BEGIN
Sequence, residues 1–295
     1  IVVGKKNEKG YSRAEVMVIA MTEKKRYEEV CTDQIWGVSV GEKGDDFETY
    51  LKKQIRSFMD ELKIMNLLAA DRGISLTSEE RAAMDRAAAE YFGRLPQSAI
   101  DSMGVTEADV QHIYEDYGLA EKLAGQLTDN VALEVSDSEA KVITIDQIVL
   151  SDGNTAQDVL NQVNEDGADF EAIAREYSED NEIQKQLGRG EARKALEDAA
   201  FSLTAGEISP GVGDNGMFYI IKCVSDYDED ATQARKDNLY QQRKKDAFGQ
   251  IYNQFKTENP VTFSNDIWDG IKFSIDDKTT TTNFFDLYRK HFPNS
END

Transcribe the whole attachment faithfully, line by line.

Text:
Sequence, residues 1–295
     1  IVVGKKNEKG YSRAEVMVIA MTEKKRYEEV CTDQIWGVSV GEKGDDFETY
    51  LKKQIRSFMD ELKIMNLLAA DRGISLTSEE RAAMDRAAAE YFGRLPQSAI
   101  DSMGVTEADV QHIYEDYGLA EKLAGQLTDN VALEVSDSEA KVITIDQIVL
   151  SDGNTAQDVL NQVNEDGADF EAIAREYSED NEIQKQLGRG EARKALEDAA
   201  FSLTAGEISP GVGDNGMFYI IKCVSDYDED ATQARKDNLY QQRKKDAFGQ
   251  IYNQFKTENP VTFSNDIWDG IKFSIDDKTT TTNFFDLYRK HFPNS